Nearly two months ago gunmen launched a brazen attack on Hamid Mir, one of Pakistan’s most famous and trusted journalists, riddling his car with bullets. Mir survived the assassination attempt, but soon plunged into a storm of controversy after he and his brother accused the Pakistani military’s Inter-Services Intelligence Directorate (ISI) of the crime. Mir’s employer, Geo television, broadcast the allegation immediately and provided it hours of coverage. Geo subsequently apologized for its unsubstantiated accusations, but the standoff worsened as the military forced cable providers to block Geo, began campaigning against the network and requested that PEMRA, Pakistan’s media regulator, cancel its license. In response Geo sued the Ministry of Defense, the ISI and PEMRA for defamation, to which PEMRA retaliated by blocking the network for two weeks.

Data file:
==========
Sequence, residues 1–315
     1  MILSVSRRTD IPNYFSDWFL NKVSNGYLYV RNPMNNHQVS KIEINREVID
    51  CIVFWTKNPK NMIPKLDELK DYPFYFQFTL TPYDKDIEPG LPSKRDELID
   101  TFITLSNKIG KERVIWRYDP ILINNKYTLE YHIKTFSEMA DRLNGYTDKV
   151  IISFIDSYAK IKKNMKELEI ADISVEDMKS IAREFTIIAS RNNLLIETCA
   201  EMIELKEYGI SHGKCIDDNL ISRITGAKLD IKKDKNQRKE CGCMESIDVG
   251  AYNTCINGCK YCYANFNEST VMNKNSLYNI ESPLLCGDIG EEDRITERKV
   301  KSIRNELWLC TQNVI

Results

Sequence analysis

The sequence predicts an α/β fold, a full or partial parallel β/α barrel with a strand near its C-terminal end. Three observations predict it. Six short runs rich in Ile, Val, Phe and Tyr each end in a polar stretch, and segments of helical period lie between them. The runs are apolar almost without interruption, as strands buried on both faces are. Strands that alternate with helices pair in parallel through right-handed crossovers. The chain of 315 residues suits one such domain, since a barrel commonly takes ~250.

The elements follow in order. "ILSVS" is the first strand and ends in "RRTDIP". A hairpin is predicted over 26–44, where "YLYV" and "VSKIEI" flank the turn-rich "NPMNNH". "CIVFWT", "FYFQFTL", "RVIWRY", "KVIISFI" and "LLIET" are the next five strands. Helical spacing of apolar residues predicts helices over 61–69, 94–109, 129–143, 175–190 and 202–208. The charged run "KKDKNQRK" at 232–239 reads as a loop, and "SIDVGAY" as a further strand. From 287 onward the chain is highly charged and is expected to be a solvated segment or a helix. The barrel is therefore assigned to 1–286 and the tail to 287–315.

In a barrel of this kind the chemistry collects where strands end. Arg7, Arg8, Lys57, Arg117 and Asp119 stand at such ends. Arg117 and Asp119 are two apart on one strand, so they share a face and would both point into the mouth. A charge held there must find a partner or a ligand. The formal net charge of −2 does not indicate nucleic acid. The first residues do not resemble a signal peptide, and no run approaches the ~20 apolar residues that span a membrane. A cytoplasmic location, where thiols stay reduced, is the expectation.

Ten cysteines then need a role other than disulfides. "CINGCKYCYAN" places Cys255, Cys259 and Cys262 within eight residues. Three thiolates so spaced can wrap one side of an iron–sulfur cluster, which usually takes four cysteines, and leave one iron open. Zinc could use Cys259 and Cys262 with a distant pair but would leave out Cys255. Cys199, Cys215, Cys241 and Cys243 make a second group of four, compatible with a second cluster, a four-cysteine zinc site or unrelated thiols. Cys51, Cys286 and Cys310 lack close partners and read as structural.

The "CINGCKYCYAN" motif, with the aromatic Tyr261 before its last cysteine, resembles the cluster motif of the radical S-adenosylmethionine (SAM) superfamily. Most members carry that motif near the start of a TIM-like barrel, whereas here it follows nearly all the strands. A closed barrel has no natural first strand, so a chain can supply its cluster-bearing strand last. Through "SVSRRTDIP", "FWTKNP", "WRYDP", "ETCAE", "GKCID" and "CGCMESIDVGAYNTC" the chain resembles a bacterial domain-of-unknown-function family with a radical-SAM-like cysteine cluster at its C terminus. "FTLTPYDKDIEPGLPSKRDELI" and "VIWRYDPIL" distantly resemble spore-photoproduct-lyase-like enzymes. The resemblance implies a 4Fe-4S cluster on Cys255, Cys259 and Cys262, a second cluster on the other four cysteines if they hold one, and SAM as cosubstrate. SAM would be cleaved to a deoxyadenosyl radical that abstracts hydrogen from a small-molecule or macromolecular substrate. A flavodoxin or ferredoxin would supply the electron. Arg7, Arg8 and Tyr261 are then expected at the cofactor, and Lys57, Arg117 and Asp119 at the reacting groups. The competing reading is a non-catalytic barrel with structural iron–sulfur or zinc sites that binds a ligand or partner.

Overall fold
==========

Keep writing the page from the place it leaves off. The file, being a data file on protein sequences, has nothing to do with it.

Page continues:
This latest episode of the clash between Geo and the military is a landmark event, raising several questions about the drivers of the dispute, why Geo took an aggressive approach in response to the military and the implications of this saga for Pakistan’s young democracy.
Geo’s newfound boldness is perhaps the most interesting aspect of this episode. The network has maintained a simple narrative around the events, framing the issue as a struggle to hold the military and ISI accountable and to uphold press freedoms in Pakistan. In an interview with NPR, Imran Aslam, Geo’s president, said the military was a “deep shadowy state” and claimed his network was being targeted and its employees persecuted because of “a feeling that we were beginning to take back some of the turf that had been occupied by these forces.”